Over the past year or more, the markets have been highly volatile. Some sectors that were hot last year, like technology, have cooled off in 2021, while sectors that were stone cold during the pandemic, like financials, have caught fire this year.
Short-term volatility can be nerve-wracking for investors, which is one of the reasons why an investor's focus should be on a long term. Ideally, you want good companies that are built to weather the ups and downs and produce consistent and relatively safe returns over three to five years or more. One good stock to own for the long run is Goldman Sachs (GS 0.57%).
Goldman Sachs is known primarily as an investment bank, the second-largest in the world. But investment banking is only its second-biggest business; first is global markets, which is the institutional trading arm. After those two come asset management and consumer banking and wealth management.
The company is among the market leaders in investment banking and global markets. They both drove Goldman Sachs to a fantastic 2020 as the company had the most announced and completed mergers and acquisitions (M&A) of any firm in 2020, as well as record equity underwriting and the second-highest level ever of debt underwriting. As a result, in a down year for most financial companies, Goldman Sachs' stock price was up 17% in 2020.
The first quarter of 2021 was even better as Goldman Sachs had a record $17.7 billion in revenue, more than twice the revenue total from the first quarter of 2020. Net income was $6.8 billion, or $18.60 per share, also a record.
Investment banking generated $3.8 billion in revenue in the quarter, a record, led by the best quarter ever for equity underwriting. It remained No. 1 worldwide in announced and completed M&A for the quarter. Also, global markets took in $7.6 billion in revenue in the quarter, a 47% year over year increase driven by market volatility, which led to increased client activity. Global markets revenue was the most in a quarter since 2010.
These two markets tend to be cyclical, but as one of the largest players in both, Goldman Sachs performs great when they are hot, but still relatively well even in down markets. But with a record backlog and M&A activity heating up, there are no signs of things slowing down in the investment banking business over the next 12 to 18 months.
All signs say go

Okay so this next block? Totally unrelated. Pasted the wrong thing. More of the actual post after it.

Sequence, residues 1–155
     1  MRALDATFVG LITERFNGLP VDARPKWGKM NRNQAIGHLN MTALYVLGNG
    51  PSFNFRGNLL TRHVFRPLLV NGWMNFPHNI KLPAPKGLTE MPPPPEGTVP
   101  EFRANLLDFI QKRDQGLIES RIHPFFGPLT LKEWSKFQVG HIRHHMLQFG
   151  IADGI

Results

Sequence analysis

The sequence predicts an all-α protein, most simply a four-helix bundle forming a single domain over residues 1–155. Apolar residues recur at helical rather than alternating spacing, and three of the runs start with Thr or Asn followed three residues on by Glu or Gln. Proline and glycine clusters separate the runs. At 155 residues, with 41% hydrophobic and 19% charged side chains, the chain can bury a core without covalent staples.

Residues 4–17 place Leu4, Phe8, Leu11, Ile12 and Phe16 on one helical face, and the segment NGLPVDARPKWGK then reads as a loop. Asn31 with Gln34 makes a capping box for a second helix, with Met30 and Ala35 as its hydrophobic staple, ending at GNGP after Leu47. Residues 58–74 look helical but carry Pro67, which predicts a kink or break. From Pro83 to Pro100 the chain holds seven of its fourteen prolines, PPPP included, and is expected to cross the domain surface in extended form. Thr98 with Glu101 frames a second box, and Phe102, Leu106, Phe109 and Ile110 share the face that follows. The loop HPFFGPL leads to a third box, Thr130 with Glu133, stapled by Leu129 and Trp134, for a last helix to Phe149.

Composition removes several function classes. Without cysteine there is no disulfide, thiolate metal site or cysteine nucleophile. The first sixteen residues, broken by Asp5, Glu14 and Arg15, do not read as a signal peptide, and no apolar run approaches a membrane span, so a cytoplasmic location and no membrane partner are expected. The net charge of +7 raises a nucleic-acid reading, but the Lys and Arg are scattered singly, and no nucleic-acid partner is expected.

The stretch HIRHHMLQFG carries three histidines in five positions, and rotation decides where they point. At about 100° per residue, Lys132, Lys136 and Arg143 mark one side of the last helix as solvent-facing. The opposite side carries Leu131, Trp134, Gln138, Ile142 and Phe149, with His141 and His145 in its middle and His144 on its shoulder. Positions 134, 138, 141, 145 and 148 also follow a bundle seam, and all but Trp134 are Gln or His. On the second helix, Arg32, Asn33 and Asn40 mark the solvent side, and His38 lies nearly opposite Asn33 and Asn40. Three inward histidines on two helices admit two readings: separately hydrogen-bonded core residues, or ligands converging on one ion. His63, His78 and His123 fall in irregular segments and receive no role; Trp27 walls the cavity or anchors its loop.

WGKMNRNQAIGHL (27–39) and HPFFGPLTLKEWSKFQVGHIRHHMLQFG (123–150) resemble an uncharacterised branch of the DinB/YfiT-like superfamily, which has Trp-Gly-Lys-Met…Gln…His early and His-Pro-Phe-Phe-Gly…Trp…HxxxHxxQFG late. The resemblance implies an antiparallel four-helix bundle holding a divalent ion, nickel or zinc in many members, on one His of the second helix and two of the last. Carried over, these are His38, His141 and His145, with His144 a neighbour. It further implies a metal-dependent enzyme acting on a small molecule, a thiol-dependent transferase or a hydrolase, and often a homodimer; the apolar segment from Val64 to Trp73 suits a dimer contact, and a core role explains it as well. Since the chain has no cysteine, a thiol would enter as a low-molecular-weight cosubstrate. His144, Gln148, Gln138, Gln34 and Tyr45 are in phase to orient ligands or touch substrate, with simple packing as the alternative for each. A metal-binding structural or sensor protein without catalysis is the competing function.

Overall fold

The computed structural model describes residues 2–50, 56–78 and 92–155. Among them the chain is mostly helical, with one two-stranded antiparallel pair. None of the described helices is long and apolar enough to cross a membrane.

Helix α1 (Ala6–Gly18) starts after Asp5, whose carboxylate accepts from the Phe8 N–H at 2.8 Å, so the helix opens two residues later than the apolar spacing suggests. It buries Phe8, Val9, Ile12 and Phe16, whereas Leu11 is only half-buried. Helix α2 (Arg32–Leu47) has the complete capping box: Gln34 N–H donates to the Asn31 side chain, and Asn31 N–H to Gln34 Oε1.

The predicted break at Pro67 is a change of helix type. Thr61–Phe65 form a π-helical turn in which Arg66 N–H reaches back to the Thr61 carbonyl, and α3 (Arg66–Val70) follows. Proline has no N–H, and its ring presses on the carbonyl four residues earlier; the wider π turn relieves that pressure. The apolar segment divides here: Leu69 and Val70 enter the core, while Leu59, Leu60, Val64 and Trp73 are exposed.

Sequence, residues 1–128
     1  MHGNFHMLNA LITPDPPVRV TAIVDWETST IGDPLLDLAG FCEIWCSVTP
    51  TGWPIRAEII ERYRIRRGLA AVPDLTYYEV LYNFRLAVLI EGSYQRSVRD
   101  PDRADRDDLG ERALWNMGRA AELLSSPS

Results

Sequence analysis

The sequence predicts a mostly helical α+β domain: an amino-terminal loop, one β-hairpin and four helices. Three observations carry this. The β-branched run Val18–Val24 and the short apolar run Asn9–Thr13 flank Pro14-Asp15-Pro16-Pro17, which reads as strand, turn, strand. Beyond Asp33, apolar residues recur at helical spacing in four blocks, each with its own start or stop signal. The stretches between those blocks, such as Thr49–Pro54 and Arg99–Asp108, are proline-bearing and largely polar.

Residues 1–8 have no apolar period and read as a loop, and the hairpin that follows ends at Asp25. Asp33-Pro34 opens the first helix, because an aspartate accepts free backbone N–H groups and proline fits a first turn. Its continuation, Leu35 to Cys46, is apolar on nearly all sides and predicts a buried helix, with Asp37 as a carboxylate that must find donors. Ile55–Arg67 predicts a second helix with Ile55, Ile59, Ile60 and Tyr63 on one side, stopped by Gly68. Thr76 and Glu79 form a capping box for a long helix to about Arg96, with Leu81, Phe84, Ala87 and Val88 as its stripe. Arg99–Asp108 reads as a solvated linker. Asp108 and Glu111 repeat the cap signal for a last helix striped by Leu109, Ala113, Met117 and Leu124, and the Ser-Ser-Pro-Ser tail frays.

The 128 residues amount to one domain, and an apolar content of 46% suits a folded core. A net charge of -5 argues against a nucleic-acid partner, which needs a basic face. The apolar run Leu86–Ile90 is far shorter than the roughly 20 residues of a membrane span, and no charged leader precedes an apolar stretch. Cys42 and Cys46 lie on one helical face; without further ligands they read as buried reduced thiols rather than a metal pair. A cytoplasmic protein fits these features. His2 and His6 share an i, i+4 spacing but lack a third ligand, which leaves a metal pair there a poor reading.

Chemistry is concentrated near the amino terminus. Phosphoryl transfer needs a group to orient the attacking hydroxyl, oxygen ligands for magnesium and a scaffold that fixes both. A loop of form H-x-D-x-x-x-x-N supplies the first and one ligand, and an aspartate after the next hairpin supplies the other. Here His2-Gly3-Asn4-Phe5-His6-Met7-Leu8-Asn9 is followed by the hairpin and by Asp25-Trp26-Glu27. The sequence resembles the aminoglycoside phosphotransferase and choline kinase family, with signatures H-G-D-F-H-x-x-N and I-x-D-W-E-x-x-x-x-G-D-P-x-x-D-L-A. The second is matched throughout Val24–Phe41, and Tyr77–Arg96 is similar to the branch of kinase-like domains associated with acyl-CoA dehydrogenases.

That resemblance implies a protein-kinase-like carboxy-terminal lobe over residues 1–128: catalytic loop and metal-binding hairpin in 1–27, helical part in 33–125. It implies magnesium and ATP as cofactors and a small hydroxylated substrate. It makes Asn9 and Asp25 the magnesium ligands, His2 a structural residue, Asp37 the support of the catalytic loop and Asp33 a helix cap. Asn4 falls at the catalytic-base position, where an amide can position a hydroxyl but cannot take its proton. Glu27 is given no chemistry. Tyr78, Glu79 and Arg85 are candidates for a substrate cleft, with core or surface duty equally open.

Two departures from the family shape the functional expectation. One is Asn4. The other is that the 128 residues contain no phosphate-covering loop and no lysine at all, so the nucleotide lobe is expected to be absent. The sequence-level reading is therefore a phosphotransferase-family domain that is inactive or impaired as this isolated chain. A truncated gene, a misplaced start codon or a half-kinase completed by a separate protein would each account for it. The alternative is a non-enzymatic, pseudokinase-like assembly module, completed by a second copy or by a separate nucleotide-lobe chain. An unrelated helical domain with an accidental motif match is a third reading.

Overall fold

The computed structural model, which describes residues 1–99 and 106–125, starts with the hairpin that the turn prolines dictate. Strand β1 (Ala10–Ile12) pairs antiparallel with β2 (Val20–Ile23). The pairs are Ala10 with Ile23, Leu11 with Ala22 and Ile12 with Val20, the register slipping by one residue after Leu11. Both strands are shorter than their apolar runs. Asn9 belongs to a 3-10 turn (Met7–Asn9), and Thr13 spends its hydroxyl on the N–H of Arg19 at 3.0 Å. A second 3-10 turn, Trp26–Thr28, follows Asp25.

Goldman Sachs, under CEO David Solomon, has made it a goal to diversify the revenue stream beyond investment banking and global markets. There has indeed been progress, as the asset management business generated a record $4.6 billion in revenue in the quarter, while consumer banking and wealth management also had a record quarter with $1.7 billion in revenue.
Both of these businesses should see continued growth as the GDP is expected to grow the next two years at least, which is good for the markets these two businesses are in. Solomon said last fall that Goldman Sachs was interested in a potential acquisition in the asset management space to gain scale in a consolidating industry, and his firm has been linked to several different targets.
Also, its digital bank, Marcus, has shown growth and it recently expanded its offering with Marcus Invest, which gives Marcus customers access to investments with as little as a $1,000 investment. Next, it plans to roll out digital checking for Marcus, officials said on the first-quarter earnings call.
With its market-leading strength, plans to grow its other businesses, and favorable market conditions ahead, Goldman Sachs is in a good position for long-term growth. Its financials are in great shape with an annualized return on tangible common equity of 32.9%, a 44% operating margin, and over $34 billion in operating cash flow. And its valuation remains relatively cheap, with a low price-to-earnings ratio of around 9 and a price-to-book ratio of 1.4.
All signs point to go with Goldman Sachs, not just this year (although it is up 41% year to date at Wednesday's prices), but for the long term.